Making an argument page

The easiest way to make an argument page is the following: Go to the debate page where the argument is written. Click the "pencil" editing icon. Once in the editing page, go to the argument. You will be making the argument header (which is the one sentence "claim", conclusion, or summary of the argument) the title of the new argument page that your are making. So, the first thing you want to do is make sure that that argument header (summary) is good and worthy of being made into the title of that argument's new page. This means making it as concise and representative of the broader point as possible.

Now, to make the page. First, you will write "Argument:" in front of the argument. So, "Argument:Chapter 11-style provisions allow a business to reorganise" (this is how Debatepedia and other readers differentiate that this article is an "argument article", opposed to a debate or other article. Then you will place two brackets around this ( [[ ]] ). Click "save page". You will find that the argument is now red. You will be taken to a blank page. Make a section called "== Supporting Evidence ==" and begin researching and documenting supporting evidence, quotes, articles, and links on the new page!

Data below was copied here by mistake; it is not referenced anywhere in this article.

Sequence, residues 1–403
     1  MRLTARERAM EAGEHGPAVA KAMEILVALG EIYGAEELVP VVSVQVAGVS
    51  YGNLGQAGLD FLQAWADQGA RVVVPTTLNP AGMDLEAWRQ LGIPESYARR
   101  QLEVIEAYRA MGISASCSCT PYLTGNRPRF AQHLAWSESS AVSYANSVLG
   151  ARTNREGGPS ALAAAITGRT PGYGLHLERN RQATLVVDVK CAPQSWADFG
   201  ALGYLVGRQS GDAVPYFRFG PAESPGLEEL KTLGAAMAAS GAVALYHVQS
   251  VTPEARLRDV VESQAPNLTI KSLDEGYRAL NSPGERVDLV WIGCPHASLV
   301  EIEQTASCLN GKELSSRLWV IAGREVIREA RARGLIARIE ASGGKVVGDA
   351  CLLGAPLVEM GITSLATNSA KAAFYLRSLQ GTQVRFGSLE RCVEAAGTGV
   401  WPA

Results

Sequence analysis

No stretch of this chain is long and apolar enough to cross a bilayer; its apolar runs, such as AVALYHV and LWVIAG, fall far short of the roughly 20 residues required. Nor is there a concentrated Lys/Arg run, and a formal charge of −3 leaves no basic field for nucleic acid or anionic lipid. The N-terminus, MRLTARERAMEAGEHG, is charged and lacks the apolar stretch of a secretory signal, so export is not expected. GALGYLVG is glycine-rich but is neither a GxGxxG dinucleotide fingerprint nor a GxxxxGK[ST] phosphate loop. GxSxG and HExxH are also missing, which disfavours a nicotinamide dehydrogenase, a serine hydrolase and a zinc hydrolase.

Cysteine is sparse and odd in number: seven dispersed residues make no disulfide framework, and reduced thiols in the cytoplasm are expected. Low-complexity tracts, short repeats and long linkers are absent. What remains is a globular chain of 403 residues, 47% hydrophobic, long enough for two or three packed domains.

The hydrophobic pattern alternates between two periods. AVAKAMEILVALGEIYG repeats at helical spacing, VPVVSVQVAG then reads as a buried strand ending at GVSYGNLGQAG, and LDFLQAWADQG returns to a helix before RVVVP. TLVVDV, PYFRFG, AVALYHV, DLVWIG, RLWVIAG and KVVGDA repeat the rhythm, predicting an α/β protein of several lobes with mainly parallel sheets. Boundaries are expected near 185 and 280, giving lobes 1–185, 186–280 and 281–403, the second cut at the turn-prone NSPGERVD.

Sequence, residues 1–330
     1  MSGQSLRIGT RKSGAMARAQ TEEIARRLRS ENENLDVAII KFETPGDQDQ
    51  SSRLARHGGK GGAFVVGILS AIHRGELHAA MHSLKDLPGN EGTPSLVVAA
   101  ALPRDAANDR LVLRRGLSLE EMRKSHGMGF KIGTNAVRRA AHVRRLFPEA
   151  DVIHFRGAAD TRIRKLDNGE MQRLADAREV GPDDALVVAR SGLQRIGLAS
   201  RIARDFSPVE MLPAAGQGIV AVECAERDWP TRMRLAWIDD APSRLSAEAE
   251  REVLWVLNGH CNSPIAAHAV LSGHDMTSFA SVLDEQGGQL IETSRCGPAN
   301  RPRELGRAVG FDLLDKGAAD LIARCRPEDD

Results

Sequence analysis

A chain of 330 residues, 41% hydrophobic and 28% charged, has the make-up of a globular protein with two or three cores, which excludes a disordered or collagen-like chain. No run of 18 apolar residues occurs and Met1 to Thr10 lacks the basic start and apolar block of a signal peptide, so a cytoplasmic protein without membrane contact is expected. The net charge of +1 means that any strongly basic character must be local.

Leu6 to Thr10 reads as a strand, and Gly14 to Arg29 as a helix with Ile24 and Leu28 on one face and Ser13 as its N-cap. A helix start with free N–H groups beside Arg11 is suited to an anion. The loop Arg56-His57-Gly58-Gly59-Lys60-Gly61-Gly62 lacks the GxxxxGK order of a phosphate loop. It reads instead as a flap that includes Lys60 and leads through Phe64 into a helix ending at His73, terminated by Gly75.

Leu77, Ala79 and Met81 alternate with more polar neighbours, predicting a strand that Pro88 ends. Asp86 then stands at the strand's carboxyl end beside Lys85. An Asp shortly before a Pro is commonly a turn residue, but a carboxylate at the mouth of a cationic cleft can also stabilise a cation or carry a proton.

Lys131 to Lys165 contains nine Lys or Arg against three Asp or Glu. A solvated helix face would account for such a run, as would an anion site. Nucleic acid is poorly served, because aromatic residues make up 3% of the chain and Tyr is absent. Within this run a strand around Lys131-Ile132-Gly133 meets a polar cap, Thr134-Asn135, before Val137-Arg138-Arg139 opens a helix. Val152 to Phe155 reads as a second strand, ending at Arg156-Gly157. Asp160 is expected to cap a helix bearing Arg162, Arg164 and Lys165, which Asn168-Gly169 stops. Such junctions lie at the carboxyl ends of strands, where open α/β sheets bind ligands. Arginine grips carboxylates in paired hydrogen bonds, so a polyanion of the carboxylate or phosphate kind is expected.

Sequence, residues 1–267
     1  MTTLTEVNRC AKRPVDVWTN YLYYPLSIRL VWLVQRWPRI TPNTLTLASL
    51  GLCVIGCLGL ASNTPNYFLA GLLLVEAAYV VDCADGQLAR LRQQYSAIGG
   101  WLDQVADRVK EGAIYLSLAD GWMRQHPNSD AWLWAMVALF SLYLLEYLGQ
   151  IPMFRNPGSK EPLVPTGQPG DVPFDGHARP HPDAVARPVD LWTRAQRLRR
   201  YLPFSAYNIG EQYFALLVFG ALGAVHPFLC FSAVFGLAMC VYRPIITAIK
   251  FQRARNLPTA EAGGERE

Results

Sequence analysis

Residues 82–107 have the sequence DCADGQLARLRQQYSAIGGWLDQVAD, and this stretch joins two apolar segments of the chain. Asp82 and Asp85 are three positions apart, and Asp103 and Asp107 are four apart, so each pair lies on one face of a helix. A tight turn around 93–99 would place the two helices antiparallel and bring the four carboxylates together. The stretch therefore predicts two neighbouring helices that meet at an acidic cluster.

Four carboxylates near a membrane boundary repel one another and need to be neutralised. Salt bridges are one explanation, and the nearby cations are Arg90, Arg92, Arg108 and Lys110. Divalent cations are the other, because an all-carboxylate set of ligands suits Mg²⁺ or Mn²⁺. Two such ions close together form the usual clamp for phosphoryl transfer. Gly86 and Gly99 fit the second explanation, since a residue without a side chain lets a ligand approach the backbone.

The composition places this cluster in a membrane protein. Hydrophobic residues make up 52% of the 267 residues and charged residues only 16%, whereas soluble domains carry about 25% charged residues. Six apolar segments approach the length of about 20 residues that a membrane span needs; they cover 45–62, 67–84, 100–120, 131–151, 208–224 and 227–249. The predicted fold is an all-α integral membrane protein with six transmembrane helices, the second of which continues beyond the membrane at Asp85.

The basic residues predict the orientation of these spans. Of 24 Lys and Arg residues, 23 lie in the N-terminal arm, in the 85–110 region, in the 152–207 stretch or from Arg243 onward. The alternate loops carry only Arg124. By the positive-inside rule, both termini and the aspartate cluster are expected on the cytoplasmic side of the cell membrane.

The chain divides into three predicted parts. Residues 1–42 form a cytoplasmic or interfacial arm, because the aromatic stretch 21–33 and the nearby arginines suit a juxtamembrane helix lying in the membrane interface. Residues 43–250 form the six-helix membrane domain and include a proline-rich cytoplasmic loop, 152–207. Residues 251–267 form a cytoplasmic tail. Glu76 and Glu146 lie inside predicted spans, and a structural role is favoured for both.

Finally, it is better that the "Argument:" part is excluded from the "rendering" on the actual debate page (it's important to be there as a way to categorize the page as an "argument" page.) You can hide the "Argument:" part by going back to the debate page, clicking "edit", going to the argument, copying the argument and pasting it to the right of your new bracketed argument.

So, this will all look like the following in the editing window:

[[Argument:Chapter 11-style provisions allow a business to reorganise| Chapter 11-style provisions allow a business to reorganise]] 

When you press "save", the new argument page link will appear as:

 Chapter 11-style provisions allow a business to reorganise